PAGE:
Let's be honest: no one really likes Marnie. Am I right or am I right? Even Allison Williams, who plays Marnie, knows she's the worst. Which is why Sunday's episode of Girls was perfect timing for all the Marnie nay-sayers - we finally get to see why she is the way she is. And who better to share that revelatory experience with than her ex boyfriend?
That's right, the real reason we're totally excited about the episode, entitled The Panic in Central Park, might have something to do with the fact that all-round babe Christopher Abbott is back to play Charlie for one night only. It's unclear whether Abbott will feature anymore in this series, but it's looking highly unlikely seeing where his character is right now.
The episode opens on Marnie and Desi, sitting in their partially finished bedroom. Desi is strumming his guitar "passive aggressively" at Marnie in a disagreement over scones, and ultimately she leaves him crying alone on the bed as she takes a long walk.
We never find out where Marnie was headed, but her discourse changes as soon as she bumps into Charlie, hanging out with a bunch of guys who insist on cat-calling her. He looks different; he's heavier, and definitely rough around the edges. He talks with an accent that's straight out of Hell's Kitchen. There's no way that what Marnie is about to get herself in for is going to end well, but she takes that risk, because the purpose of this episode is to show a different side to Marnie - one where she doesn't over analyse or judge every situation negatively. The result of this new mindet is a bittersweet journey for the ex-lovers, that ends with Marnie's discovery of Charlie's hardcore drug use.
Many have been describing Marnie's run-in with Charlie as a a 'fever dream', and once you get a sense of where Charlie is at in his life, you do wish it was all just a fantasy created by Marnie as she strolls through New York. He's gone from the young, polite tech mogul to a street-wise coke dealer with a heroin addiction. His newfound swagger isn't down to a shift in personality, but heavy drug use. Yeah, he isn't the pushover that he was, caught between Marnie and Aubrey's nitpicking, but at what cost?
However, Charlie's regression serves a bigger purpose. He sparks the change in Marnie that was needed to push her into the next chapter of her life. If Marnie hadn't bumped into Charlie, what would have happened? She would have walked around NYC, cooling off after her fight with Desi, and then what? Back to their apartment to start again? Marnie and Charlie fall into a regular rhythm; they have known each other, loved each other, before. There were the physical changes - at one point Marnie points out Charlie's weight gain; it shows he's not trying to impress anyone anymore and she likes that - but the extend to which Charlie has changed would not become apparent until later.
Marnie's willingness to accept the night as it comes is a change in her perspective, even if just for a night, so that she can shed the troubles of her life as a married woman or, more specifically, a woman married to Desi. They are tucked into her bag along with her tracksuit. There's a delusion that she could settle back into a life with Charlie, that maybe she can keep up this charade. Sure, she can be positive about the shared shower in his crack-den apartment building. It's cool, right? But upon finding Charlie's needle, it is a hefty drop back to earth. Her relationship with Desi is not the one she should be in right now, she's realised that, but this relationship with Charlie is not the one she's supposed to be in either. Marnie leaves Charlie's apartment swiftly - no argument, no drama. Her growth is already apparent.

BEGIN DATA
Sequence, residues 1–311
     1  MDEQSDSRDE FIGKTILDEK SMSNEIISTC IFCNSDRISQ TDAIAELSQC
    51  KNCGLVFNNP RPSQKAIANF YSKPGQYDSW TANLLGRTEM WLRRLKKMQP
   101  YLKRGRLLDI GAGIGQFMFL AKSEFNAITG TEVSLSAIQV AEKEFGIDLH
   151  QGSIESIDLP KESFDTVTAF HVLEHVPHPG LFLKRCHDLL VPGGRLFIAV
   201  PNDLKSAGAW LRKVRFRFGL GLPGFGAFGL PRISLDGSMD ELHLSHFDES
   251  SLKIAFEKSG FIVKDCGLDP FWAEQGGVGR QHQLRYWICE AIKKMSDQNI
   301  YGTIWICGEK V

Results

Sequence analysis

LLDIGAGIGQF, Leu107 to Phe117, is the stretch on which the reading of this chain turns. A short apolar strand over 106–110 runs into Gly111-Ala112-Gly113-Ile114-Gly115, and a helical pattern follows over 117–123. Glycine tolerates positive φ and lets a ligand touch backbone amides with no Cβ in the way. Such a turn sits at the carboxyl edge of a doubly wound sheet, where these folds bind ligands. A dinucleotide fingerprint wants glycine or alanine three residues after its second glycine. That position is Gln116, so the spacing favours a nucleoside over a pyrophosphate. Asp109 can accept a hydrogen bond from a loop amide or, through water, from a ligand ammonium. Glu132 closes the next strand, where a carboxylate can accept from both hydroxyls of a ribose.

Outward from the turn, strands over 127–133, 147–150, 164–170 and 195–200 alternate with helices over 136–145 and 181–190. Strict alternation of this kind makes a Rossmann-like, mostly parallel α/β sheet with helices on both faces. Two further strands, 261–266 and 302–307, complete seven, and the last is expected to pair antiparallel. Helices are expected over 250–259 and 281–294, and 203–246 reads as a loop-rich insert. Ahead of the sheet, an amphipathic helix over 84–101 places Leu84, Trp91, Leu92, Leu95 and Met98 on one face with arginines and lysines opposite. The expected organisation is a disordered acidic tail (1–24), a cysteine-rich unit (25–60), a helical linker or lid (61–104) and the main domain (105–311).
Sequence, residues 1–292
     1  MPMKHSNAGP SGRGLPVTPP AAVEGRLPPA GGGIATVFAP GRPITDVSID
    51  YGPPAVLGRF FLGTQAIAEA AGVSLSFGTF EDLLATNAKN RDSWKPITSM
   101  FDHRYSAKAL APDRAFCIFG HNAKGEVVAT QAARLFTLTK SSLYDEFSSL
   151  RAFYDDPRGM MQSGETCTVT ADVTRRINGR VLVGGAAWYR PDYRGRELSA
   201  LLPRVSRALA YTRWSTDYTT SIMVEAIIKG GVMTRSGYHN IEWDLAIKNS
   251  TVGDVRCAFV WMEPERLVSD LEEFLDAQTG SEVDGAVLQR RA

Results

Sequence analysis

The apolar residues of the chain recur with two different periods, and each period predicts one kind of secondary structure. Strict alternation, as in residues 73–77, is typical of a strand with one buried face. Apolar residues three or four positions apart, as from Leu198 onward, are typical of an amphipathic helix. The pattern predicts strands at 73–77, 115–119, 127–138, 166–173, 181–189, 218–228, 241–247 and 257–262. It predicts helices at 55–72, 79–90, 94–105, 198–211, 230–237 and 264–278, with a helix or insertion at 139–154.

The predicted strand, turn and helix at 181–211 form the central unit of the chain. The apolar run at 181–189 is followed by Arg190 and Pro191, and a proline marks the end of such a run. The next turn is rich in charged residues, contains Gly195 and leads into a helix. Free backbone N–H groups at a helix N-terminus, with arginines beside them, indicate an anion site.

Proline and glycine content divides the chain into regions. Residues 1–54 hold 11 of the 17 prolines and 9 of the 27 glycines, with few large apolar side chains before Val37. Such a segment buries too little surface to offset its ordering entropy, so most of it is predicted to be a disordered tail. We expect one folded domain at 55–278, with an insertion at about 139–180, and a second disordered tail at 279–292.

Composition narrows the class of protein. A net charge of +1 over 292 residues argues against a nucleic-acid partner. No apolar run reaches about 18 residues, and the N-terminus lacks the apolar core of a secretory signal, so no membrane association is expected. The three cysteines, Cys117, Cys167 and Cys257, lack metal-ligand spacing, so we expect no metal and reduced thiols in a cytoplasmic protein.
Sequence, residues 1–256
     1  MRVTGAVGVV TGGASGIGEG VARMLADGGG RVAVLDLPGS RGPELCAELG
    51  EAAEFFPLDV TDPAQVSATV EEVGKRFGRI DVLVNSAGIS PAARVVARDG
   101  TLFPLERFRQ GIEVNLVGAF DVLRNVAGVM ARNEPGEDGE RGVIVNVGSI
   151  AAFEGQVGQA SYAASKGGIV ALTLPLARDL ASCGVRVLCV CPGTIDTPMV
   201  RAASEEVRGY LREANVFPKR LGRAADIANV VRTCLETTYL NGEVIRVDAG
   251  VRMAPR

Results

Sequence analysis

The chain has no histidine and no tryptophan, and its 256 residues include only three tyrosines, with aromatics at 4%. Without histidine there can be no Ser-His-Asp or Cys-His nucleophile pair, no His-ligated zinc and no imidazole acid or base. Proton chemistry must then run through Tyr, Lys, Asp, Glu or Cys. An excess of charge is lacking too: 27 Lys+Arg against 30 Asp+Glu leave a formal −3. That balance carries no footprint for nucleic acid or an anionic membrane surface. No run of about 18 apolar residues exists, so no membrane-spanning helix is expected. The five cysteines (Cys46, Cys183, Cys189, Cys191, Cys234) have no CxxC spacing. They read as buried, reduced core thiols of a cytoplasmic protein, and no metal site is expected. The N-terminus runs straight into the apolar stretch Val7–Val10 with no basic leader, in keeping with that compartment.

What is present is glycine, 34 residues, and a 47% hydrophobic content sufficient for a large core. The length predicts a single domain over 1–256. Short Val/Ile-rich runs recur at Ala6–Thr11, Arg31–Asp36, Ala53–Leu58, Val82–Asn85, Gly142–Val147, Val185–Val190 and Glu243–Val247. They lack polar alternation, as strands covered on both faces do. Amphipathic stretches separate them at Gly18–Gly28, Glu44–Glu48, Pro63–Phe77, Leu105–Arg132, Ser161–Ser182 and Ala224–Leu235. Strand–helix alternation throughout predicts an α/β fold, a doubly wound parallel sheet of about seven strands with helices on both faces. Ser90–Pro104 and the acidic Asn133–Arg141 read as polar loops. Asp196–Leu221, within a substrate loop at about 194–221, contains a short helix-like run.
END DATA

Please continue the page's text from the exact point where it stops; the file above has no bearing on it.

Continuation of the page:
The whole episode had been preparing her for the difficult showdown with Desi when she returns home. But, instead of erupting as she had done the day before, she is calm, tired, relieved. She has given up on the marriage and, for once, that's ok.
The last scene sees Marnie climbing into bed with Hannah and Fran at Hannah's apartment. She's walked barefoot all over New York (very un-Marnie like), and now she needs to sleep. The whole episode has been about love: love lost, mostly. Seeing Hannah's reaction as Marnie squeezes in to the small space on the mattress, still in her red dress, just shows the other love she has in her life - the love that is contained in their friendship. It's just a small glance that acknowledges Marnie's presence, but Hannah's essentially saying "It's ok, I know you need this." Boys may come and go, but friendship is forever.
The Panic in Central Park might just be one of the best episodes in the history of Girls. It's evident that Lena Dunham thrives on capsule episodes - season two's episode with Patrick Wilson, or the beach house episode in season 3 were particularly strong points in this continuing narrative. They let us delve deeper into a characters' personality, into the idiosyncrasies that make them the way they are. This capsule episode sets Marnie up on a new trajectory, and we can't wait to watch her find her feet - once she's given them a clean, that is.
What did you think of Sunday's episode of Girls? Let us know! @sofeminineUK
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